Belatedly, and suddenly, Robert became a critics' darling.
There were other Robert films, however, that I think were greater achievements, despite their self-effacing modesty - particularly "La Guerre des boutons"/"War of the Buttons"(1962), based on Louis Pergaud's much-filmed novel, and "Salut l'artiste" (1973), a light farce which teamed Marcello Mastroianni and Jean Rochefort to perfection as two working actors often trapped in thankless roles.
Arguably, Robert's best film - and certainly my personal favorite - is "Alexandre le bienheureux" (1968), which was known first as "Very Happy Alexander" and then simply "Alexander" during its brief U.S. life in 1969.
I'm not sure the same film could be made today, given how driven everyone seems to be (including slackers). A contributor on IMDb in assessing the film refers to an essay, "Le Droit à la Paresse"/"The Right to Laziness", that Paul Laforgue wrote in 1880 in which Laforgue offered a positive definition for laziness, something that is generally considered as one of the biggest vices in the world.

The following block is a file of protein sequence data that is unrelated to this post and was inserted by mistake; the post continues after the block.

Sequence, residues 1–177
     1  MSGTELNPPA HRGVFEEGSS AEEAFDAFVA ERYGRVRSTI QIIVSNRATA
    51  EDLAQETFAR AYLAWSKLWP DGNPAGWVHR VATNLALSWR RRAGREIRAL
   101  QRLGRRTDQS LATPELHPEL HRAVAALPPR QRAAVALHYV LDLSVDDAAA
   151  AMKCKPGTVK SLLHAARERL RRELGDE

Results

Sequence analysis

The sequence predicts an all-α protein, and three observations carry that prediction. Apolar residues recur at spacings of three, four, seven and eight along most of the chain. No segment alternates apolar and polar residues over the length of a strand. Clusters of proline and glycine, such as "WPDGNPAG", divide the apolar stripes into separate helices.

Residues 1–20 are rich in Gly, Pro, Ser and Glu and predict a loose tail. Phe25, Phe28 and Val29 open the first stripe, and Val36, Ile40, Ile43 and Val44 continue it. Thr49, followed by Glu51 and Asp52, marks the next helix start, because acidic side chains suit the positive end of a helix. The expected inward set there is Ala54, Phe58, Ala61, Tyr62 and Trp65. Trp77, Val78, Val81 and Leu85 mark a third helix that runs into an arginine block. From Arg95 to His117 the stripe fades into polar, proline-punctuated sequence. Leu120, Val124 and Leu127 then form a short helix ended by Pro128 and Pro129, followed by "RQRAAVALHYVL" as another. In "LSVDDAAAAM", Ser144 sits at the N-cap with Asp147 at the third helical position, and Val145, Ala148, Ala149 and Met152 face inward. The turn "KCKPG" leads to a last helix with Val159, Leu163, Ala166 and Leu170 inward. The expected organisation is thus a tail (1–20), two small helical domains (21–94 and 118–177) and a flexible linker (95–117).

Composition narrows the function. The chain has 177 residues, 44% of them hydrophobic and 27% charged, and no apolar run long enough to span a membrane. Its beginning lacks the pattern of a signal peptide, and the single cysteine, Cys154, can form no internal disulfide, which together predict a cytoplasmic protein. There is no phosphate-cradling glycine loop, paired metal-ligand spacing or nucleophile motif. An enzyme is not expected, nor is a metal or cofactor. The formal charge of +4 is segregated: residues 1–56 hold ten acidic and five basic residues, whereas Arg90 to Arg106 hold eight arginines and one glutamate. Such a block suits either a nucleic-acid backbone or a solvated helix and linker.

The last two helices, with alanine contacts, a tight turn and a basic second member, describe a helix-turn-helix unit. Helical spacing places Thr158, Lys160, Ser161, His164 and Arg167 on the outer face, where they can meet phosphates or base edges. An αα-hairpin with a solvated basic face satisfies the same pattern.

Robert follows the same logic in his little film, which remains timeless in its appeal. It is hugely watchable and, despite its surface goofiness and anarchy, has a forbidden message worth savoring.
That great bear of an actor, Philippe Noiret, who died of cancer in 2006 at age 76, is unaccountably light and fizzy in the title role of a humble farmer who is henpecked and overworked by his ambitious new wife (Françoise Brion), known only (and humorously) as La Grande. She supervises him with a walkie-talkie. Poor Alexander's only friend is a little dog (played by a remarkable pooch named Kaly), of which La Grande, of course, disapproves.
As it turns out, Agathe is as lazy as Alexander. They make a perfect - or imperfect - couple, living slovenly ever after.
"Alexandre le bienheureux" has never been released in this country on home entertainment in any format. I have a beta copy of the film made from a subtitled 16-mm print. It remains vital as long as my reliable old betamax remains operable.
The film was never made and Candy, alas, died in 1994. Too bad. It would have been perfect for Candy. Actually, it would have been a better fit for Goodman.
All in all, formidable!
About the artwork. From top: The original French poster art for Yves Robert's "Alexandre le bienheureux"; two American display ads, before and after the title change; Kaly; Marlene Jobert; Françoise Brion, Philippe Noiret, Jobert and Kaly pose on set; Noiret and Brion; Noiret and Kaly in a representative scene from the film, and a favorite filmmaker, Yves Robert, behind a huge moustache, directing.